Hybrid wars and tension between powers could lead to a global conflict

A conventional-powered aircraft carrier blows smoke at sea
Oct. 21, 2016: Russia’s only aircraft carrier, the Admiral Kuznetsov, sails through the English Channel (source: dpa)

The Russian aircraft carrier Admiral Kuznetsov, accompanied by a squadron of warships and support vessels, is steaming from Murmansk to the Mediterranean, supposedly to aid that country’s controversial air attacks in Syria. NATO officials have blocked the Russians’ plan to refuel the flotilla in Spain.

Tensions between Russia and the West are mounting. NATO is beefing up its presence in Norway, in Central Europe and in the Baltics. The European Union is strengthening the sanctions it imposed on Russia in 2014 in response to the situation in Ukraine – now the EU is reacting to Russian moves in Syria. Russia has responded by placing Iskander tactical ballistic missiles in the Kaliningrad enclave, which borders NATO members Poland and Lithuania, and by sending its squadron to the Mediterranean.

The Middle East is very far from finding peace. Numerous conflicts between regional powers, proxy wars and local clashes, some involving Russia and the United States, have devastated vast areas of Syria, Iraq and Yemen.

Russia and China are aligning their interests to oppose what they believe are global policies of containment and intervention by Western powers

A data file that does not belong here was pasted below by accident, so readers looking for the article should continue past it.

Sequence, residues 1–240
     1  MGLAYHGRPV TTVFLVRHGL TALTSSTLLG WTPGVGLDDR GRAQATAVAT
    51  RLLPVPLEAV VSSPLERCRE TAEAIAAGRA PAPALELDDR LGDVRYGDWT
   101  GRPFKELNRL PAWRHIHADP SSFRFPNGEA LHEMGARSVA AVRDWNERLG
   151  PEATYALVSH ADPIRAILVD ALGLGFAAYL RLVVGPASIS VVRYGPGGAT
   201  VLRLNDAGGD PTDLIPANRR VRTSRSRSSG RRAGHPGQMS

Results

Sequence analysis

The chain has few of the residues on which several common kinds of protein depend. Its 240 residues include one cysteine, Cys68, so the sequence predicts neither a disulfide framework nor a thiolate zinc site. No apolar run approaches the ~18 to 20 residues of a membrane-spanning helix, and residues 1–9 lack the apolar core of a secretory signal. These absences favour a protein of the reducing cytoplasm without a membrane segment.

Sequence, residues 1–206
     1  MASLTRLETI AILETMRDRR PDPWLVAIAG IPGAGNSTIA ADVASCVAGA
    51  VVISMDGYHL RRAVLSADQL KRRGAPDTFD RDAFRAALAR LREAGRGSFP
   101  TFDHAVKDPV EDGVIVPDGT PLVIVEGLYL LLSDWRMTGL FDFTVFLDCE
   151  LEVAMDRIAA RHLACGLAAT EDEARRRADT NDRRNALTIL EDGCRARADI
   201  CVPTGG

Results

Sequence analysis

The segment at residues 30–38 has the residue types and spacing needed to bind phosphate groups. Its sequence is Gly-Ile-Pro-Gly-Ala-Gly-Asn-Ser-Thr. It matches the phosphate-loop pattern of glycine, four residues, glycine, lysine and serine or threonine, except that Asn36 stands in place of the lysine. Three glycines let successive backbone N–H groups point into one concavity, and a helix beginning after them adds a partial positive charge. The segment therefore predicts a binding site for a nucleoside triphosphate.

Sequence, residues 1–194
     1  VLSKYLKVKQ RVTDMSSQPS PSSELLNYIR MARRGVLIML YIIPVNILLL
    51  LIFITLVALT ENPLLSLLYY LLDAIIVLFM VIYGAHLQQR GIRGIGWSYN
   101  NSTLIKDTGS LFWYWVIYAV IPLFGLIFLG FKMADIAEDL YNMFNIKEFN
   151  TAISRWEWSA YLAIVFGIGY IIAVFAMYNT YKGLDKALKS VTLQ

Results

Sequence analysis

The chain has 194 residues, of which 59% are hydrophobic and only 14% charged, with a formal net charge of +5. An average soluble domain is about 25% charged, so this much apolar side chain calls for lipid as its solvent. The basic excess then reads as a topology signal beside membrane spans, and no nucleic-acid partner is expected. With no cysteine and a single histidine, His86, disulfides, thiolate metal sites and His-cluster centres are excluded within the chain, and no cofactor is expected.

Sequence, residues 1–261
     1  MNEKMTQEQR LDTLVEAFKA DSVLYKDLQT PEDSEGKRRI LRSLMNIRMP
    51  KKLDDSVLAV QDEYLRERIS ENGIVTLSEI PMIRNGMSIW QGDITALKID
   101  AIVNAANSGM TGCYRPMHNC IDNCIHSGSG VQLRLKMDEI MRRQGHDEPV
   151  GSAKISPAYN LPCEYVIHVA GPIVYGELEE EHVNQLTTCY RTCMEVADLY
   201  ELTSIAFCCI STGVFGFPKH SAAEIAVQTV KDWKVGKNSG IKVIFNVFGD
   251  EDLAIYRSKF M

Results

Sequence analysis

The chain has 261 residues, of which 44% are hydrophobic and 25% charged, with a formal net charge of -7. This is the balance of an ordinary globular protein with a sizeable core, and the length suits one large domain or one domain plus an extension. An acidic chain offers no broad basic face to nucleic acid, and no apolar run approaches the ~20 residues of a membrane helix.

Russia is striving to build closer links with Turkey and thus to neutralize NATO’s second largest military power. Although the West has not always properly recognized Turkish interests and Turkish sentiments, the country is not yet ready to leave the Western alliance.

It is also obvious that Russia and China are aligning their interests to oppose what they believe are global policies of containment and intervention by Western powers. U.S. President Barack Obama’s “pivot” to Asia has led to an even stronger Chinese fear of being contained. Yet the strong U.S. opposition to China’s claims to control the vast maritime areas in the South China Sea and East China Sea has been justified. In this context, the U.S. policy is embedded in an effective system of alliances.

War reality

The new factor in the region, however, is the elusive stance on the issue of the new government in the Philippines. It potentially weakens the opposition to China and affords Beijing a stronger military posture in the South China Sea and towards the Pacific. China is also trying to increase its influence in Thailand and Malaysia.

It is often said that the world is inching closer to a new cold war. Actually, it is already engaged in a hybrid war. If one looks at all these sanctions, propaganda, clandestine actions to stir unrest, interventions on foreign soil and cyberattacks as instruments of hybrid war, such a war has become a reality.

The world is a volatile place today. Besides the hot conflicts in the Middle East and the worsening relations between the West, Russia and China, very dangerous tensions have arisen in the triangle of India, Pakistan and China. Such hotspots make the breakout of a real, global military conflict possible, if not imminent.

During the Cold War, the fear of assured mutual destruction prevented an outbreak of war between NATO and the Warsaw Pact. Nuclear deterrence worked in a bipolar world. In today's multipolar system, it has lost a good deal of its importance.

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